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Deep Dive: New Hanover and Brunswick county elections directors on security, early voting, and Election Day

Sara.png
Rachel Keith
/
WHQR
Sara LaVere is the elections director for Brunswick County

Elections directors in New Hanover and Brunswick counties are getting ready for the 2022 midterms. WHQR visited their offices and has this report.

Rae Hunter-Havens has been the elections director of New Hanover County for about five years but has been supporting the work of the county’s elections since 2011.

On the other side of the Cape Fear river, Sara LaVere has been the Brunswick County elections director since 2006.

“So I've been in elections 16 years, which seems like an eternity. I started as the deputy director and then when my boss retired in 2014, I got the job of director,” LaVere said.

Both Hunter-Havens and LaVere have said they take their jobs very seriously.

“I think voting really is the cornerstone of democracy. And for voters to have a way to turn out, let their preferences be known in a safe and secure manner is essential,” Hunter-Havens said.

Rae.png
Rachel Keith
/
WHQR
Rae Hunter-Havens is the elections director for New Hanover County.

Getting the right information

Both elections directors have reiterated how important it is for voters to get the most accurate information.

“I'm sure your neighbors or folks down the street or any organization you might belong to will try to give you helpful information, but I still think it's best for them to go straight to the source to make sure the information they're getting is correct,” Hunter-Havens said.

LaVere agreed. Full-time election employees are there to answer any questions the public has about the process.

“Call me, I really want the opportunity to hear what your concerns are,” LaVere said. “Are they specific concerns? Are they something you heard somebody else say?”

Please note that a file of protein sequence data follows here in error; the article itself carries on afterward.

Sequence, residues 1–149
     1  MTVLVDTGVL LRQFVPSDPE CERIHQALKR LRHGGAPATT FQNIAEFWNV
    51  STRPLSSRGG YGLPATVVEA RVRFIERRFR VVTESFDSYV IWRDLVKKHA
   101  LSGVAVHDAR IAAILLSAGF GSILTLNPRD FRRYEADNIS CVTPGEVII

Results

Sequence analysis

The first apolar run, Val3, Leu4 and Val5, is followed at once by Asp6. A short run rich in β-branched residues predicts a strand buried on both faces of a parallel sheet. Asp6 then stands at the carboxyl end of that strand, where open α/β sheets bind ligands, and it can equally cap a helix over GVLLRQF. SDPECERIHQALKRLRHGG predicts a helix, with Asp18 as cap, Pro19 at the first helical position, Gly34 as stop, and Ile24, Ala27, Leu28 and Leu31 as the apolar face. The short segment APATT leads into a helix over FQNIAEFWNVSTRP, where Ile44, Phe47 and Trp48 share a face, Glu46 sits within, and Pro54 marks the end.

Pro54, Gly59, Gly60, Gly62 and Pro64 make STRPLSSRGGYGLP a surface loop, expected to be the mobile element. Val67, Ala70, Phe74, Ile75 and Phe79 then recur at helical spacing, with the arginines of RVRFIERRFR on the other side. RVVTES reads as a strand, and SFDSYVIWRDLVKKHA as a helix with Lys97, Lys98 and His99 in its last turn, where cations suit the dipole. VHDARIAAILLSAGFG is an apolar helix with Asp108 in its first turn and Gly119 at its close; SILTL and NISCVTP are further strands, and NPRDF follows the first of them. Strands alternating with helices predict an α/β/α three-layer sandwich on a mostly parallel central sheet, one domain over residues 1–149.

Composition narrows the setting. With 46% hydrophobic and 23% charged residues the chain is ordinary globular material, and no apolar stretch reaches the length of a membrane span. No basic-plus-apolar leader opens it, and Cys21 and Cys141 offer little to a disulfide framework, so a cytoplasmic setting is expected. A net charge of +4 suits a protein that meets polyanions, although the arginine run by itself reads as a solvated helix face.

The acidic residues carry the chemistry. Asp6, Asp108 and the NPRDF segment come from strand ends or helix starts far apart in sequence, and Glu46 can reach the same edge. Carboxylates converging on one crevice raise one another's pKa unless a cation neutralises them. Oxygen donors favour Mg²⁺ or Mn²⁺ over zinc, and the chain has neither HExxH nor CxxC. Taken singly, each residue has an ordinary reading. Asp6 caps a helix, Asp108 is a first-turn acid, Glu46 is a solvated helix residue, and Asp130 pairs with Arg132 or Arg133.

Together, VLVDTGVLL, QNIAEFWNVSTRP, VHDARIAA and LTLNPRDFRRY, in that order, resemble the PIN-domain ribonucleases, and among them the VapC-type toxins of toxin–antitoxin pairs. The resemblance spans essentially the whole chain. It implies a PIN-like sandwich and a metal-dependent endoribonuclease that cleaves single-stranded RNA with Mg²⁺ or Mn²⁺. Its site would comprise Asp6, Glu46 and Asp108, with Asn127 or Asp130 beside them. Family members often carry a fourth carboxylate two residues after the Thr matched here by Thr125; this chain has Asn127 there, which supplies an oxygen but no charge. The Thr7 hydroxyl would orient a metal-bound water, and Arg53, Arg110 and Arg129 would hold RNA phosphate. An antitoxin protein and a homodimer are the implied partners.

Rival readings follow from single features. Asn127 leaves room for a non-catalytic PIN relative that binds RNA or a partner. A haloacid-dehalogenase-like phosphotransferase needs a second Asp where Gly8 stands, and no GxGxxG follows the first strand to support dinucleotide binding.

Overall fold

And Hunter-Havens and LaVere have said that the public is able to view how their county election boards approve absentee ballots and transparently discuss election-related issues.

Constituents can even live stream their elections board meetings online.

“I also encourage people to participate in the process. Anytime we look at live ballots, we are doing that under the presence of our bipartisan board, we live stream everything. And I think some other people are probably like, ‘Why are you still live streaming COVID is over?’ But really, we just want to make sure that people have the opportunity to see what we're doing if they have an interest,” LaVere said.

Related: Board of Elections discussed absentee ballots, balancing precincts

Election officials 

At the New Hanover County Board of Elections Office, they have eight full-time staff members. In Brunswick, there are six of these employees. Both offices also hire part-time seasonal workers to support the county’s elections.

As for poll workers and election officials, Hunter-Havens and LaVere said they have enough.

“We had a very large turnout, the parties have been very active in trying to encourage their members to complete an election official application. So right now, I think we have sufficient staffing,” Hunter-Havens said.